“Reports of my demise have been somewhat …” July 9, 2011Posted by IaninSheffield in Musings, Tools.
Tags: article, criticism, qr codes
Caught a few tweets/retweets this morning pointing to a post “Death To The QR Code.” A bit harsh … and somewhat premature perhaps? Although the article is posted from a business/advertising standpoint, it was tweducators directing us there, so that set me wondering why.
But first let’s take a look at the article which suggests that QR codes are confusing, waste time and probably aren’t necessary. Problems cited include:
- having to download an app
- figure out how they work
- use the right app for the right code
- boot the app, wait for the camera to set itself up
- achieve the right distance and focus
- hope you have network connection.
So let’s take a look at those issues:
- Downloading and installing a QR code app takes what, a minute? Just once.
- Figuring out how it works … another minute? QR code readers aren’t highly featured; they don’t need to be, so are relatively straightforward to use.
- Really? I haven’t yet found a code that my reader couldn’t interpret. Maybe there are some proprietry ones, but hey if you want to hide the information you want to pass on, more fool you.
- Booting the app does take a moment … but don’t they all?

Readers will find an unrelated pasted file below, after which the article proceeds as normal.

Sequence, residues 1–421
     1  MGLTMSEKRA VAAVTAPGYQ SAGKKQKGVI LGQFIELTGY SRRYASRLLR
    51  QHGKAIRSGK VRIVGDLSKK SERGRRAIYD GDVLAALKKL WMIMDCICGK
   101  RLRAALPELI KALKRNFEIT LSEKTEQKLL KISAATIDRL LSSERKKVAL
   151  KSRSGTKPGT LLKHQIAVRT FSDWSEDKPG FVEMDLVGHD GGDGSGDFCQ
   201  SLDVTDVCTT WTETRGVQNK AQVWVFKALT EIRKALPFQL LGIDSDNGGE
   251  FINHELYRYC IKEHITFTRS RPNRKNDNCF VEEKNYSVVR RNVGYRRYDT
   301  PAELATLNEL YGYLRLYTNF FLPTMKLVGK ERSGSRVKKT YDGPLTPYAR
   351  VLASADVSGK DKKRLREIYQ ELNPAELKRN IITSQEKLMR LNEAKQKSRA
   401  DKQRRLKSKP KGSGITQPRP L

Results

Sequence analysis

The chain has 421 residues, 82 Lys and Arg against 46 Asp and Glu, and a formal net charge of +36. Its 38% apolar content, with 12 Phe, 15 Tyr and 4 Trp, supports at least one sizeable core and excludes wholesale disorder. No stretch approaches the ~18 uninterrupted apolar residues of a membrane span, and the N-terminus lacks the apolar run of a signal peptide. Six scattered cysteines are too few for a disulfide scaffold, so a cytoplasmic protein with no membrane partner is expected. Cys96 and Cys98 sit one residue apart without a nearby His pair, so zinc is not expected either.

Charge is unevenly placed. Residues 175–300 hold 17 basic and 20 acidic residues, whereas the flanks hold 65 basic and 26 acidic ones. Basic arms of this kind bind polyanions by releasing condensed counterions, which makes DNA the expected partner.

- Positioning is important … as indeed it is with snapping any photo, but we wouldn’t advocate not using cameras because of that would we?
- Connectivity? Maybe, but not all the secrets behind the QR codes do require a network connection. It simply depends on what you choose to put there.
The post suggests alternatives like just providing the URL. Er, but wouldn’t that mean booting up a browser and typing in the URL … correctly.That’s quicker? Wondering also how using a URL means that connectivity is no longer necessary? Another alternative the post suggests is that with improving features, we could just use image recognition? But surely the 6 problems they cited for QR codes apply equally for image recognition? Finally we’re told that near-field communication is all but upon us which will make things much faster and the need to fire up an app unneccessary. Well, possibly … but I wonder what the relative costs are for the producer of the information adding a QR code or near-field technology to their information source?
So I guess I found the article rather hypocritical, offering alternatives which in fact have the same drawbacks as QR codes themselves. But to return to my opening point, why would some educators wish to point us towards such an article. I can only assume (given that there was no further information in the tweet than a title and URL) that they support the notion that QR codes should have seen their day. Which bothers me a little. There are lots of people doing interesting things with QR codes; new refreshing things. They are experimenting, exploring and evaluating the different affordances that new technologies bring. Some of those explorations will be more successful than others, but the good stuff can be spread more widely for other educators to use to help their students’ learning. And there’s the rub I guess – if we cast aside what might be ‘in vogue’ just at the point where the wheat has been sorted from the chaff and the good stuff is starting to emerge, then maybe we risk failing to allow new opportunities the chance to become embedded. I sometimes worry that’s what happened (is happening?) with interactive whiteboards … or perhaps just technology in general.